CoresThreadsBase ClockTurbo ClockOverclockingL3 CacheTDPPCIeLanes
6123.7Ghz4.7GhzYes;4.9-5.0Ghz12MB95W3.016

Intel Core i5-8400

  • Perfect For A Mid-Level Build
  • You Can’t Overclock It
  • Air Cooler Provided In The Box
  • Acts As A Bottleneck With Some Graphics Cards
  • Affordable

The 8th-gen Intel Core i5-8400 isn’t the best processor that money can buy, but it is good for the price and it does have six cores at its disposal. In short, it’s a pretty good CPU for general gaming and even handling other mid-level tasks, but you should look further up the chain if you’re someone who does live streaming, video or photo editing, or other resource-hogging tasks. On that note, it does match the i7-7700K in speed and performance and, with a cooler included in the box, it’s a good value-for-your-money proposition. The i5-8400 is good for 3.8GHZ out of the box and turbo clocks to as much as 4.0GHZ, but you can’t overclock it so that’s your ceiling. You could go for the i5-8600K if you’re looking to overclock but it’s not really necessary at this performance level and the included cooler kind of sweetens the deal. As with the i7-8700K and other 8th-gen CPUs, you’ll have to deal with firmware and software mitigations to handle side-channel attacks, but it’s a fair tradeoff. Some outlets report that there is some bottlenecking with higher-end graphics cards like the RTX 2080 Ti, for example, but with a compatible motherboard and intention for pure gaming purposes, you’re set with the i5-8400. You can get your hands on an Intel Core i5-8400 for around $200 if you shop around.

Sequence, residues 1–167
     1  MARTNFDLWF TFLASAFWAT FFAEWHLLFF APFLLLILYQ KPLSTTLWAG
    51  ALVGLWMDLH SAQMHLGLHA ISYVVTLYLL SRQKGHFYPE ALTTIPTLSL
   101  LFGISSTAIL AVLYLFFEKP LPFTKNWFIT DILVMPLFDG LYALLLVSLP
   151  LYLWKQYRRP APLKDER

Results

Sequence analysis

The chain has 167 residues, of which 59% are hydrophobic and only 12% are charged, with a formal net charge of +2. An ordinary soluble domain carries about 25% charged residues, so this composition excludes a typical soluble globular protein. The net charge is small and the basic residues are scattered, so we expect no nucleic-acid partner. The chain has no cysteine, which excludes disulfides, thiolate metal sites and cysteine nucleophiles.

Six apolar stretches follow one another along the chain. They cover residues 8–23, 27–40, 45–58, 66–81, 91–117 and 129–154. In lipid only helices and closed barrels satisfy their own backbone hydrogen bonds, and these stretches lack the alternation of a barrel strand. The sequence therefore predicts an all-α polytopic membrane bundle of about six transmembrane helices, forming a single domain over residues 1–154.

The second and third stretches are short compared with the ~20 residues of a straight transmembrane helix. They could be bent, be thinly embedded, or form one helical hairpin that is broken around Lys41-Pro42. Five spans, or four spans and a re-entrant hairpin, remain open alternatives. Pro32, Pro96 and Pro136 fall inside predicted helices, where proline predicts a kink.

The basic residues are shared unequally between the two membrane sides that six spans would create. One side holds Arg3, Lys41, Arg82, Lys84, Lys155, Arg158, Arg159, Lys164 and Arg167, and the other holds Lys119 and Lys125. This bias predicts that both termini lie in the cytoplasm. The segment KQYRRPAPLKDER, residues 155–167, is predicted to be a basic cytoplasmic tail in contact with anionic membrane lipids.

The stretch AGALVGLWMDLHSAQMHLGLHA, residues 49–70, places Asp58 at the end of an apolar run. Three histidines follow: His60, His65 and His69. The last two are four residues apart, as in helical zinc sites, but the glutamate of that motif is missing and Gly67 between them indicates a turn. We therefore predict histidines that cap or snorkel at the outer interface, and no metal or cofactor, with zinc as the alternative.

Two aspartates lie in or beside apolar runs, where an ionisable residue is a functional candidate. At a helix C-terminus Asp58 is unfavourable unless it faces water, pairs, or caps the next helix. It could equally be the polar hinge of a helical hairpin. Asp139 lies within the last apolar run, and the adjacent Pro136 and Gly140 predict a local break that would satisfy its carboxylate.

CoresThreadsBase ClockTurbo ClockOverclockingL3 CacheTDPPCIeLanes
663.8Ghz4.0GhzNo9MB65W3.016

Intel Core i9-7900X

  • A Massive, Top-End Cooling System is a Must
  • Expensive Compared to the i7-8700K
  • Nearly As Fast As the i7-8700K For Gaming
  • Amazing Multi-Thread Performance